Stasis is a form of technology present in the Red Dwarf universe. A major plot point of the franchise, stasis can essentially "freeze in time" people or cargo.
Main character Dave Lister spends three million years in stasis in the pilot episode after the accident which killed the rest of the crew, but Lister emerges from stasis to find that he is not alone. Stasis is mentioned or forms a part of the story in numerous episodes after; for example Kryten finds a fresh lobster in stasis in Series VII, or Irene Edgington is found in stasis in Series X.
In the television series, it is said that there are only two stasis chambers aboard Red Dwarf. ("RD: Stasis Leak") However, in the first Red Dwarf novel, there is a whole floor made up of thousands of stasis booths that went almost entirely unused, except for Lister in punishment and Rimmer occasionally in an attempt to keep his youth.
Stasis is a facility aboard Red Dwarf and other similar craft that halts time for those who have been sealed inside the room/pod.
How it does so was described by Frank Todhunter in the following way:
- "The stasis room creates a static field of time. See, just as X-rays can't pass through lead, time cannot penetrate a stasis field. So, although you exist, you no longer exist in time, and for you time itself does not exist. You see, although you're still a mass, you are no longer an event in space-time, you are a non-event mass with a quantum probability of zero."
If a stasis field escaped the confines of the booth, then the field would preserve whatever it encountered. This was known as a Stasis Leak. Such a leak occurred aboard Red Dwarf, allowing the hologram Arnold Rimmer, Lister and the Cat to travel back in time to before the accident that killed the crew. Since there was only one other working stasis booth, Rimmer and Lister fought over who they try to save by putting in it - Rimmer or Lister's old girlfriend. However, both their plans failed. ("RD: Stasis Leak")
The origins and uses of stasis are elaborated in the first Red Dwarf novel. It was originally devised for interstellar travel for astros in search of extraterrestrial life, based on work done by Albert Einstein. After these expeditions failed to find anything, not even a moderately intelligent plant, they returned home and human interest in space exploration ended. Due to the stasis field many astros were now younger than their decedents, which made billions for the greeting cards industry.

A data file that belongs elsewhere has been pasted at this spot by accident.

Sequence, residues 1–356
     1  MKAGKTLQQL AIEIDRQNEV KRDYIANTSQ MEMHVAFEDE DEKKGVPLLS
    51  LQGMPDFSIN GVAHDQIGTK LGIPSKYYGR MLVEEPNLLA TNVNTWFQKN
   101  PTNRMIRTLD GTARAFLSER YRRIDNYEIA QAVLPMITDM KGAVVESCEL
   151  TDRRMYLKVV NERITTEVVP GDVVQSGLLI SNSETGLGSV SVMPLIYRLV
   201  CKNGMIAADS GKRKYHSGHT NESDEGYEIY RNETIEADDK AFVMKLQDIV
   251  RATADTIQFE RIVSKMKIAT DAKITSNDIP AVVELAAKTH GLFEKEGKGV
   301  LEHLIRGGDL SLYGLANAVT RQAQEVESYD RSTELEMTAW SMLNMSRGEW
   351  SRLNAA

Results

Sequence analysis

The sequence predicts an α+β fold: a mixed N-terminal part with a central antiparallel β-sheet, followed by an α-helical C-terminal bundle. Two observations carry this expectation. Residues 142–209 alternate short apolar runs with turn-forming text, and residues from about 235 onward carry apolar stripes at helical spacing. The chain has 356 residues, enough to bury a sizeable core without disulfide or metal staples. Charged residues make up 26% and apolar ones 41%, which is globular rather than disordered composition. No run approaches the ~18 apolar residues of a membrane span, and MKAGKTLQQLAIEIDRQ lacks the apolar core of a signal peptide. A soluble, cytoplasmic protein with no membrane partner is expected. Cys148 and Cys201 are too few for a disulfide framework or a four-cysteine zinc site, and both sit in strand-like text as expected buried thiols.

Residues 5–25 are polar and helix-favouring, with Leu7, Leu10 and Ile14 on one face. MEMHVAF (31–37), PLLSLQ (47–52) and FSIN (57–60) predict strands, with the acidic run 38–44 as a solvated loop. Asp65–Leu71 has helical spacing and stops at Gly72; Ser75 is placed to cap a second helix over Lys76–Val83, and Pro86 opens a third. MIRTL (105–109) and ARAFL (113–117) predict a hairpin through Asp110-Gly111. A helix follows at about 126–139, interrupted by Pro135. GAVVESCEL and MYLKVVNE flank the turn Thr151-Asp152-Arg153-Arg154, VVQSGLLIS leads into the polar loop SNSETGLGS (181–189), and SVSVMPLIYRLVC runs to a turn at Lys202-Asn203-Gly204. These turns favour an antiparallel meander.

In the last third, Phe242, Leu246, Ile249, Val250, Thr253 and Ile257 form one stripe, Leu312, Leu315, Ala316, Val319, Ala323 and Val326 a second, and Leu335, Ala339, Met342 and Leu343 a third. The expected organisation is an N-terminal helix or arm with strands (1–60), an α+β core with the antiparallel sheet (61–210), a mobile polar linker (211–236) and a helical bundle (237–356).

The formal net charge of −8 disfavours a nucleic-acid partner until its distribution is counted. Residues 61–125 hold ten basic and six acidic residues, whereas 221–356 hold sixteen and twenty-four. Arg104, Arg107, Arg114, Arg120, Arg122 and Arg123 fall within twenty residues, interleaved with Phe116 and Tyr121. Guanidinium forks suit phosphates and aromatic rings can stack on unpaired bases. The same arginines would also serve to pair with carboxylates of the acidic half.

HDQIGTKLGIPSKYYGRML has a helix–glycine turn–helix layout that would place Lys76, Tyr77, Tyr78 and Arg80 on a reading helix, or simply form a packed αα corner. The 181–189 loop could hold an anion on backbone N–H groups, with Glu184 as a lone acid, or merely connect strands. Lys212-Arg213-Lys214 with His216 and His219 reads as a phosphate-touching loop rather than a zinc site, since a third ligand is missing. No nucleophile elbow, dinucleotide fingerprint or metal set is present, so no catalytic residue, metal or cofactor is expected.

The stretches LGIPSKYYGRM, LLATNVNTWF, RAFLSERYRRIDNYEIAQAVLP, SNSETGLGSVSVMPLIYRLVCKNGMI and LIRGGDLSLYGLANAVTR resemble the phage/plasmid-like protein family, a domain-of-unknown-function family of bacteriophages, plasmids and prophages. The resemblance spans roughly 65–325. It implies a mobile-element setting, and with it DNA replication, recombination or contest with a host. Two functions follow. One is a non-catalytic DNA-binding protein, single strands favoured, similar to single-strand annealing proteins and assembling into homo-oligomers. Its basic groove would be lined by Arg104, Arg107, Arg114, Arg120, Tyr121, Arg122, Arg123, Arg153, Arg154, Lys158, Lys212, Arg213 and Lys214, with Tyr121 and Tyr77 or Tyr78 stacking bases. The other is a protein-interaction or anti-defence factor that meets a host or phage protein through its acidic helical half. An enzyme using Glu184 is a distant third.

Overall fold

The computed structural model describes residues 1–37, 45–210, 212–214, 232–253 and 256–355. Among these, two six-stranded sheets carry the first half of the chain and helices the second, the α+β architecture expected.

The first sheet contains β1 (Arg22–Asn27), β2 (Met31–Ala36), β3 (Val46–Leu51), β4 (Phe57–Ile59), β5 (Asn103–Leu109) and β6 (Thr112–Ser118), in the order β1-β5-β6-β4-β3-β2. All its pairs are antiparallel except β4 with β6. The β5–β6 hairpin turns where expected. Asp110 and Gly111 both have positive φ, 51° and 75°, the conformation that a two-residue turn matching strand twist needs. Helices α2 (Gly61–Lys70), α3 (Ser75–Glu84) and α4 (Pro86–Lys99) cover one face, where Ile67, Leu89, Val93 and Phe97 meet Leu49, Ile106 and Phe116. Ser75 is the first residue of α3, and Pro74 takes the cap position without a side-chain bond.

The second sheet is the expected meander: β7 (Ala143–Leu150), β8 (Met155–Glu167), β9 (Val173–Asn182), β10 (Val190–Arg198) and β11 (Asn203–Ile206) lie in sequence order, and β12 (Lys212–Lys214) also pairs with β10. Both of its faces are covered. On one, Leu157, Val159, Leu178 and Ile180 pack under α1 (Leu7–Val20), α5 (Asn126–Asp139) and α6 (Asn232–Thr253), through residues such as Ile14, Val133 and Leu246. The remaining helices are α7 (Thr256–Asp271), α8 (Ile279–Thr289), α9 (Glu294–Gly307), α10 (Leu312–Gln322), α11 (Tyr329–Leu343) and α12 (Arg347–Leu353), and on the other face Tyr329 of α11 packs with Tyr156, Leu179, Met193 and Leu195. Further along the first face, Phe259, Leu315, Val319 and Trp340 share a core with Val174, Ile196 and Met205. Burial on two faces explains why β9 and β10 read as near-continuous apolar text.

In the novel, Lister went over Space Corps Directives to find a way to get put in stasis, therefore from his point of view getting back to Earth instantaneously. Therefore sending pictures of Frankenstein to get processed in the ship's lab was a deliberate act on Lister's part, and he hid Frankenstein in the endless air ducts so that cat would be safe.
Ever since then the stasis field has been used as a form of punishment, for Space Corps members who retaliated or committed crimes (the least serious crime punishable by Stasis was breaking quarantine regulations). Rimmer deliberately placed himself into stasis during his free time - which is partly why he didn't have a social life. He wished to stay as young as possible and, after years of doing so, he could proudly say that he was legally 31 but really had the body of a 30 year old. In fact, if Rimmer hadn't wasted time in one of his sudden "superstition attacks", he would have been recreating in a stasis pod during the accident and would not have died. (Infinity Welcomes Careful Drivers)
Starbug's deep sleep units also have a form of stasis capability, as is shown in the episodes "Psirens", "Out of Time", and "Nanarchy". However, this seemed to operate on a different principal entirely to the stasis booths seen on other starships. It appeared to be partly cryogenic in nature, actually freezing them for real, or at least slowing down their metabolism to near zero. Lister emerges from this stasis at the beginning of Series VI with long hair and long fingernails, seemingly having aged a few months in the space of two centuries.